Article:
Most days, he sat in a chair staring into space, his brain unable to make the connections of laughter and eye contact and meaning that it once had. His unshaven chin, hollow cheeks, and wild hair echoed dimly of the lively man I’d known as my grandfather. My grandma, a former hair dresser, faithfully brought her comb to try and tame his wild do, but he didn’t like it much.
Actually, he didn’t like anything much those days. The dementia had stolen him from us one-slow-day-at-a-time, and replaced his jolly warmth with violent reactions and confused arguments. It was like having a three-year-old in the family all over again.
But there were moments of clarity. He knew my grandmother most often. His sweetheart since fifth grade, he used to ride his pony down the railroad tracks to visit her, so his memory of her stretched back nearly his entire life. As his disease worsened, it was dodgy if he knew any of the rest of us.
One day, I helped him decorate a pot in which to plant a flower. The nursing home had sticker-letters and decorations to put on the pots, but most of the residents were too busy introducing themselves to each other repeatedly to do anything as focused as this. So I put the letters on the plastic little pot for my grandpa.
“J-O-H-N,” I read to him, trying to have some semblance of conversation. “See grandpa? I made this is for you.”
He looked at me blankly, “John? Who’s John?” then turned to the lady in the wheelchair next to him and asked, “Are you John?”
“I’m Helen,” she took his hand. “So very nice to meet you. What’s your name?”
The dialog then repeated itself like a skipping record for the next 10 minutes while I quietly added some flower stickers to the pot.
This was no longer the J-O-H-N I knew.
From my childhood, I remember most his endless puttering. Back-and-forth, back-and-forth, I watched him wander between his house next door and the barn, sometimes on foot, sometimes the lawn mower. I’d hear him bark at the dogs to move out of the way, or stick his head in our house to bellow, “Anybody home?”
He was a paradox of the kind that many from his generation are. When we remember him, we’re just as likely to use the words gnarly and cantankerous as kind and gentle. My ever-sweet grandma would sometimes scold him to not swear in front of the grandchildren, and there were a few times when I remember hiding because I’d made him spittin’ mad. Yet his brief moments of anger never overshadowed the fact that he loved his family. He took us to Disney World more times than I can count just because he loved to see children happy. He bought a big orange motorhome with bunkbeds and drove us all over to camp at state parks.
The child of Swedish immigrants, my Grandpa John grew up on a farm in a hardworking family, and lived out his childhood with a mother who he claimed was the ‘best woman he ever knew’ for loving her children sacrificially and surviving his much-less-than-kind father. He served in the war, worked the family farm, and did a bazillion other odd jobs. Though he had the intellectual ability, he never went to college because the money wasn’t there and the farm was.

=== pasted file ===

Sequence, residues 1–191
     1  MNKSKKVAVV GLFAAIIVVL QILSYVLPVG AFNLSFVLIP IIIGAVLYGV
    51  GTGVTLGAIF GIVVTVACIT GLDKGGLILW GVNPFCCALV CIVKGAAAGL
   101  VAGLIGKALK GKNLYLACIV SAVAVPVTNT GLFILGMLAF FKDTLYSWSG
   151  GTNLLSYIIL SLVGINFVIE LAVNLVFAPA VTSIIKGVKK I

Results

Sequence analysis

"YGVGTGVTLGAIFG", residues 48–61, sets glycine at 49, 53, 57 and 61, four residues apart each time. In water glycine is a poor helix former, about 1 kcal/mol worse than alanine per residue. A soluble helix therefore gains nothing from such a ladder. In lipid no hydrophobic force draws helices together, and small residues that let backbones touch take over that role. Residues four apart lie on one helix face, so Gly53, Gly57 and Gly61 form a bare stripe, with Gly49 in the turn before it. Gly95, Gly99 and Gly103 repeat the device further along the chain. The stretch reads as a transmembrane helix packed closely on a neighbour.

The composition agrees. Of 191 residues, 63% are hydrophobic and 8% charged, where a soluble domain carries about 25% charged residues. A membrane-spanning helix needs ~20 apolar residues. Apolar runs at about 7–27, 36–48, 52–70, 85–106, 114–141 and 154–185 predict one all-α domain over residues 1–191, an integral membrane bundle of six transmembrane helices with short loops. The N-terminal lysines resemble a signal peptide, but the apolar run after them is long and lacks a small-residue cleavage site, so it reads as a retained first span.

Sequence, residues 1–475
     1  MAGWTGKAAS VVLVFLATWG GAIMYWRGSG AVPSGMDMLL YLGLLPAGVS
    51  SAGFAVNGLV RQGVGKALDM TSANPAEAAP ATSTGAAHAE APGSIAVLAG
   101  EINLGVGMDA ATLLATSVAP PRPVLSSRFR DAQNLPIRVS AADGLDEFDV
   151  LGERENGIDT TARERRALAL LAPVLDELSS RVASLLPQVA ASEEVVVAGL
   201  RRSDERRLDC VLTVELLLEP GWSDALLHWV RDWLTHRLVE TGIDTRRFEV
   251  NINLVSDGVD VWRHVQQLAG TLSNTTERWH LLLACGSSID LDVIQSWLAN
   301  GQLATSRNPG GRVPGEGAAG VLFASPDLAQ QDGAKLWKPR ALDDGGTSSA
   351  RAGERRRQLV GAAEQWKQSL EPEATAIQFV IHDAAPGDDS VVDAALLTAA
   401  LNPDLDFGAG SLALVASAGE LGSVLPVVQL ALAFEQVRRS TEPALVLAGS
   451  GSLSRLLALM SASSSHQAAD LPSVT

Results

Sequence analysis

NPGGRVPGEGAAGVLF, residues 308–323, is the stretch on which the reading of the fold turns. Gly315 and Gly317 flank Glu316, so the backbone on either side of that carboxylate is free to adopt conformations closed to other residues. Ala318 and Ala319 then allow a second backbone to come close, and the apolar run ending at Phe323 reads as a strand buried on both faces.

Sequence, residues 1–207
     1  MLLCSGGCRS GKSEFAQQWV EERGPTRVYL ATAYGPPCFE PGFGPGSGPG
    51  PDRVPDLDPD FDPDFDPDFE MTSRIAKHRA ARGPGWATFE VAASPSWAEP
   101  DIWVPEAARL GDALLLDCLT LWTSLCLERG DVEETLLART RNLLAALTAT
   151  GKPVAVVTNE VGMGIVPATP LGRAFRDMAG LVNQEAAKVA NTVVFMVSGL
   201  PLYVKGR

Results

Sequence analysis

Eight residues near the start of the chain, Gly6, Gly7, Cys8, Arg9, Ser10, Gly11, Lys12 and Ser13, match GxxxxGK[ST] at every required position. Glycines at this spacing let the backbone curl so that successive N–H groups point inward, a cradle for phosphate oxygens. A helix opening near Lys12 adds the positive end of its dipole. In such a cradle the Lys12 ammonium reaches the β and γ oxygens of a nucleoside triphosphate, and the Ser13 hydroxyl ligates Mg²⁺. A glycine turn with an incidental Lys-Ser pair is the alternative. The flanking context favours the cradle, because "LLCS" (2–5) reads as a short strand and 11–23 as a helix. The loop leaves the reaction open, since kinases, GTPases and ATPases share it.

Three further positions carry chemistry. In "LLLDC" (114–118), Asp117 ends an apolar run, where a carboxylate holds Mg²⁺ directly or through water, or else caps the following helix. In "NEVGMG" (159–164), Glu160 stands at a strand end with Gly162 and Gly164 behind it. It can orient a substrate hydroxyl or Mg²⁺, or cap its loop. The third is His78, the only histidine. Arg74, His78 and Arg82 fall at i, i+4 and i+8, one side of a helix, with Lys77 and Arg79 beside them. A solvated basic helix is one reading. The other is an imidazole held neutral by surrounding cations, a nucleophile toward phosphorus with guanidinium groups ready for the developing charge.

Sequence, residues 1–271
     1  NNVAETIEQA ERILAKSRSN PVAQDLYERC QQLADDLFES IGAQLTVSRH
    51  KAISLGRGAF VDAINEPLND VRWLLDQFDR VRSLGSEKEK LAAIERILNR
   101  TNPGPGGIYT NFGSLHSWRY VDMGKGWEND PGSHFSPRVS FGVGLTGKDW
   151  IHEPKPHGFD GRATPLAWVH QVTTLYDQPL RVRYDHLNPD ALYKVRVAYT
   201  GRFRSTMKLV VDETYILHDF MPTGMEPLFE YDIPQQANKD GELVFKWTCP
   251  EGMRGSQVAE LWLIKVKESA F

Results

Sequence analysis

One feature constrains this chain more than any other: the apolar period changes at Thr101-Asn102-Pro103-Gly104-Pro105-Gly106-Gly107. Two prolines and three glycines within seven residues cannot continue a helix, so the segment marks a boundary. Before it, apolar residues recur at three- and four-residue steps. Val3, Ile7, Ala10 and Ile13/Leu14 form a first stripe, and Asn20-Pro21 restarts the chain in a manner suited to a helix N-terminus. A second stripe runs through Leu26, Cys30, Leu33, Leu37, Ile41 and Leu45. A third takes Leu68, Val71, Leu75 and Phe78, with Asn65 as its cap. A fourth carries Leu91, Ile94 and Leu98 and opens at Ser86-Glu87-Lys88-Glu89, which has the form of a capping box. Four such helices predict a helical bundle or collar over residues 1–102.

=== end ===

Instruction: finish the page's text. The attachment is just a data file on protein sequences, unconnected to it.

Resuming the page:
He devoured the daily newspaper and had all sorts of opinions about its stories. While some of his opinions were a bit hot-headed, others were quite well-informed. I loved picking his brain to hear how a whole lifetime of wisdom processed the modern world. (As his dementia worsened, his opinions didn’t really lessen, they just made less sense and contained quite a few more curse words which, at times, was equally entertaining.)
One of the things I appreciated most about my grandfather was how he’d accepted and loved my husband. Much unlike many from his generation and background, it was not a problem for him that his granddaughter loved a man with brown skin. One day, I’d asked my grandpa what he thought of my then fiance. “Me?!?” he responded in surprise. “Who cares what I think? You’re the one who’s gotta live with him.”
That was the extent of his opinion. In his typical fashion, he showed my future husband his acceptance with a nickname, an arm around his shoulder, a half-joking reprimand to stand up straighter, and an ever present handshake and hug.
His was far from a perfect life, scarred with so many of the stories common to his generation, but it was a good life, one that, when all was said and done, he told honestly and well to his family.
In the very last days of his life, my husband and I visited him in the nursing home. As usual, there was little conversation, no eye contact. The stubborn Swedish farmer who’d fought off dementia for ten long years had nearly quit eating, and the doctors said he would not last much longer. We said everything we could think to say, suspecting it would be our last time together.
When our words ran out, we stood to leave, and my mom asked my husband to pray. If you knew my husband, you’d know how the rich prayer voice of his preacher family lineage leaks out when he speaks to God, capturing ears and blocking out the noise of the world around. He prayed a simple, grateful prayer and the Spirit filled our room. Tears dripped off all of our noses when he closed with a quiet and sweet ‘amen’. So be it.
At that very moment, my grandfather opened his clear blue eyes, looked my husband straight in his deep brown eyes, and responded with long-ago lost words, “Thank you,” he mumbled plain as day, and then squeezed my husband’s hand tight before his mind slipped away from us again.
It was then that I realized what my grandpa knew. After a life filled to the brim with both the good and the hard, the messy and beautiful, the broken and the healed, his dying days told us this:
When memories fall away, brains slow, muscles wither, the words that remain known to the heart are simply
His life spoke for itself that they are the only words we really need.